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ISLAMIC MEDICAL EDUCATION RESOURCES 04

0006-CO-ORDINATION WITH OTHER MUSLIM ORGANIZATIONS

Paper presented at the Leadership Training Program, Islamic College of South Africa 19-22 June 2000 by Prof Omar Hasan Kasule, Sr.

OUTLINE

1.0 ULAMA/SCHOLAR ORGANIZATIONS


        Who are the ulama?

        How to deal with Ulama


 

2.0 STUDENT ORGANIZATIONS


        Overview

        Student work is important

        Challenges for students

        Apathy and dynamism among students

        Issues that affect/interest students

        Characteristics of students

        Types of student programs

        Activism vs academic achievement

        Role of students

        Functions of student organizations

        Training and tarbiyyah


 

3.0 LABOR AND PROFESSIONAL UNIONS


        Labor migration

        Importance of work

        Wages

        Importance of organization

        Vision and mission of unions

        Rights of the worker

        Trade unions and ethics

        Trade unions and politics

        Trade unions and societal morals

        Trade unions and the interests of the national economy.

        Government role

        Unfair practices by management

        Unfair practices by unions

        Negotiations/bargaining

        Contract

        Economic system and labor issues


 

4.0 SOCIAL WELFARE ORGANIZATIONS


        Concept of charity

        Concept of takaful

        Definition of poverty

        Causes of poverty

        Rational social welfare system

        Components of the social welfare policy

        Socializing children to be charitable

        Beneficiaries of charity

        Charity should be temporary

        Protecting the dignity of those helped

        Social network to guarantee basic necessities

        Type of social work

        Objectives of social work

        Types of programs

        Scope of social welfare services

        Social welfare institutions

        Resources

        Role of government

        Abuse of the charity system

        Eradication of poverty

        Prevention of poverty

        Helping the family

        Health

        The mentally sick

        Child welfare

        The elderly

        Hunger

        Evaluation


 

5.0 DISASTER RELIEF ORGANIZATIONS


        Overview

        What is a crisis/disaster?

        Man-made disasters

        Non man-made disasters

        Causes of disasters

        Dimensions of a disaster

        Importance of prevention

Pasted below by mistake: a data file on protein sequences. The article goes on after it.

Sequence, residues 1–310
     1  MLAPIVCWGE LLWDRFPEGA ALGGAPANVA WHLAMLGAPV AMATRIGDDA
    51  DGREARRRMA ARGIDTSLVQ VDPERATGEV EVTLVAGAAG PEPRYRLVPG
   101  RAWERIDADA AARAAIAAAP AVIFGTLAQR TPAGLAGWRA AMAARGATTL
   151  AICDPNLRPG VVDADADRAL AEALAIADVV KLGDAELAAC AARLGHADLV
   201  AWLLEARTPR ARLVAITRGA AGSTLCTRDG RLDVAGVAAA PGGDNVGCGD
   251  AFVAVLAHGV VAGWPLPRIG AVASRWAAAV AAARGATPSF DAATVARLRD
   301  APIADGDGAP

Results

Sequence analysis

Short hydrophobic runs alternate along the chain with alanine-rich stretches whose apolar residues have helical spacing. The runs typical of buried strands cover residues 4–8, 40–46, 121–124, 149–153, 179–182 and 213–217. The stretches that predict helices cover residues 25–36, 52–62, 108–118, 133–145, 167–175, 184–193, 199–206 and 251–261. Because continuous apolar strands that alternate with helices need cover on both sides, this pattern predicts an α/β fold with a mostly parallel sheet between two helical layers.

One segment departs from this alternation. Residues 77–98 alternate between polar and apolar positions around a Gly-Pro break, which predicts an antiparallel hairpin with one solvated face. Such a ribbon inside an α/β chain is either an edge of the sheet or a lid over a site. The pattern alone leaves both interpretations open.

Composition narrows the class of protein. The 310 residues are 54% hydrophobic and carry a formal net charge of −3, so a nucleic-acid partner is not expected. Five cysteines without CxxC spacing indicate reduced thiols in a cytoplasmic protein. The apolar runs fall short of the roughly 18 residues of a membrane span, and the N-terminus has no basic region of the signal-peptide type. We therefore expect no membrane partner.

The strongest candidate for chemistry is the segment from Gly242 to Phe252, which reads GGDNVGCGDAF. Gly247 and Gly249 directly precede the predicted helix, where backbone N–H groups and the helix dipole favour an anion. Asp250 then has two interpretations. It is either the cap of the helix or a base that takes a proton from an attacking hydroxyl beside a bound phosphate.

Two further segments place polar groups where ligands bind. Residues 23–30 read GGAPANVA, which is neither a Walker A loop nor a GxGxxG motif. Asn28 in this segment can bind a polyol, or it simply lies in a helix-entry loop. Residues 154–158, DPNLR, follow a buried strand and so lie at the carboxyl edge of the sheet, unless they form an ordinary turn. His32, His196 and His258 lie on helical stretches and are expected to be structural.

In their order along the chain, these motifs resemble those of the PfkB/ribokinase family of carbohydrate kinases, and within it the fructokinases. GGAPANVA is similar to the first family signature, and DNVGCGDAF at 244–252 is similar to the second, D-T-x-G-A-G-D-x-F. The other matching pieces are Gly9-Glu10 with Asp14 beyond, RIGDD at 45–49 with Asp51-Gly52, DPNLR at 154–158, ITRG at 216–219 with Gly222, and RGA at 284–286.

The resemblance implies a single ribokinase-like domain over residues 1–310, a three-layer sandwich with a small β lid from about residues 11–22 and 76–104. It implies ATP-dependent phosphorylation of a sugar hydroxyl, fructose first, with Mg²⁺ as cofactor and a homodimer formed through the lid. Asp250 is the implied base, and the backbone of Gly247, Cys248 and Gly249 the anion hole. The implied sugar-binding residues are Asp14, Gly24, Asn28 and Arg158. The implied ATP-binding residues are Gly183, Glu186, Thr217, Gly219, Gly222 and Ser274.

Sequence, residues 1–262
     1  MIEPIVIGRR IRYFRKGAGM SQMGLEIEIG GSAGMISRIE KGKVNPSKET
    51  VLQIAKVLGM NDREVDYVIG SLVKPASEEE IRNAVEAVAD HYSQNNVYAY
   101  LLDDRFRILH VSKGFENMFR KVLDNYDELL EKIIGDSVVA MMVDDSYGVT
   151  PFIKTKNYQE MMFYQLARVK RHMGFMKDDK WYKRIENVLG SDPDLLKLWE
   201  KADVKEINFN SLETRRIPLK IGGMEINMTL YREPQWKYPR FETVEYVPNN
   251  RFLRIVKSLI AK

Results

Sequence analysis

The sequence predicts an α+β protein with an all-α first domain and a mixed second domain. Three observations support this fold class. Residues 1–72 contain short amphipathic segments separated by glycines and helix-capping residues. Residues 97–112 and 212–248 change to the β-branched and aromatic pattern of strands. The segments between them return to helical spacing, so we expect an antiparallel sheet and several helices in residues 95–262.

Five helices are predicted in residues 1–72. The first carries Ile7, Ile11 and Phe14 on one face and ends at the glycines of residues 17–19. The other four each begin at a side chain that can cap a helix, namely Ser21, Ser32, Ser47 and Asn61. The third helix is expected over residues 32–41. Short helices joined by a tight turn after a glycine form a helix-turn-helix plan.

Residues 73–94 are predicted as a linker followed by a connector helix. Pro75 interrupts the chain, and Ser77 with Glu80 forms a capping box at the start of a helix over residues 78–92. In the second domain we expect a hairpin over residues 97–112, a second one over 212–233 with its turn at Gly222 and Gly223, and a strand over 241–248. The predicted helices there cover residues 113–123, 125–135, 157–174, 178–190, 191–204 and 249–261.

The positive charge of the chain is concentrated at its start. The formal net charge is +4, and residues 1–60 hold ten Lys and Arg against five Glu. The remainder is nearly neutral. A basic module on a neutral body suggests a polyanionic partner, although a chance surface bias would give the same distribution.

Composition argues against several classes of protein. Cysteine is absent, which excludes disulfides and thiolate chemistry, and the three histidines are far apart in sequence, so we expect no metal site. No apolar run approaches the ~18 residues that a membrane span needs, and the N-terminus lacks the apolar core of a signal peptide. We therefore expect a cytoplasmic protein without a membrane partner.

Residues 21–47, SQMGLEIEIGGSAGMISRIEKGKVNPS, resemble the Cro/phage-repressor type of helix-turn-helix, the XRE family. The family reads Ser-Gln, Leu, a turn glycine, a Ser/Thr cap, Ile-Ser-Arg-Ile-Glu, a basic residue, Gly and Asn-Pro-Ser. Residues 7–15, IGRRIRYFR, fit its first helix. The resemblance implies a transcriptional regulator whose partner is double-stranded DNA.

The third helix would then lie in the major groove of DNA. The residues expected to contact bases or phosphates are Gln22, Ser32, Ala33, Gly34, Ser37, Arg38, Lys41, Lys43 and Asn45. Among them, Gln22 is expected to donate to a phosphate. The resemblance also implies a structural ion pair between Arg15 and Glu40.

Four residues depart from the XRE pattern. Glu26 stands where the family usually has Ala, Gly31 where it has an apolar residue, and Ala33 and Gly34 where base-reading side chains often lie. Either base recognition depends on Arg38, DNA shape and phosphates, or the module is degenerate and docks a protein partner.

Learning from a disaster

        Strategic planning/scenarios

        Characteristics of a disaster

        Crisis management

        Time dimension

        Risk

        Prevention


 

6.0 MOSQUE


        Scope of mosque activity

        Location

        Controversial matters

        Training/Tarbiyyah

        Mosques are houses of Allah

        Mosques are built on taqwa

        Mosques should not be built on basis of fitna

        Only believers build mosques

        Attending mosques

        Good dress for mosques

        Nobody should be forbidden from mosque

        Building of mosques

        Activities in mosque

        Activities forbidden in mosque

        Administration of mosque


 

6.0 COMMUNITY CENTER


        Facilities of an islamic center

        Functions of a center

        Organizational structure of a center

        Legal ownership and control of a center


 

1.0 ULAMA/SCHOLAR ORGANIZATIONS

Ulama organizations: Ulama organizations must have the following objectives: dawa, protect Islam and its heritage, application of Islam, Islamization, advice. Membership qualifications: ulama certificate, Islamic character and values. Types of members: active, honorary. Structure: general assembly, general secretariat, academic councils/committees. 

 

Who are the ulama?: Ulama must know sharia, undestand it and follow it. They are leaders of religion (Sajdah:24). Ulama have ilm, are firm in aqida, jihad, fear Allah, and are recognised by other ulama. Ulama get known by their teaching, fatwa and publications. Ulama are different from readers. Readers can ‘read’ Qur;an without understanding all of it (fiqh). The Ulama on the other hand has comprehensive understanding. Ulama are different from thinkers. Thinkers have a general undestanding of Islam and the world but are not knowledgeable in sharia. Ulama ae different from ‘preachers’ khutaba or wuadh. The preacher may be a good speaker but with little knowledge. Ulama are not saints and have no supernatural powers

 

How to deal with Ulama: Love and respect. Learn from them. Ulama do not teach only facts. They also teach character. The student must stay with them for a long time to learn character. Learn from Ulama according to their specializations. Do not criticise them in a disrespectful/contemptible way. Do not fault them unless you are also knowledgeable. Turn to them for guidance. Put confidence in them. Watch for their mistakes so that you may know the genuine from the rest

 

2.0 STUDENT ORGANIZATIONS

Overview: This chapter will deal with organizing programs for students at secondary and tertiary educational institutions.

 

Student work is important: Students are a very important segment of the society. They are intellectually alive, are dynamic, idealistic, and can afford the luxury of looking at issues without being under the pressure of being in the field. Skills and convictions acquired by students are a valuable investment for future community leadership. Work among students helps not only to identify potential leaders but also to train and promote their leadership potential.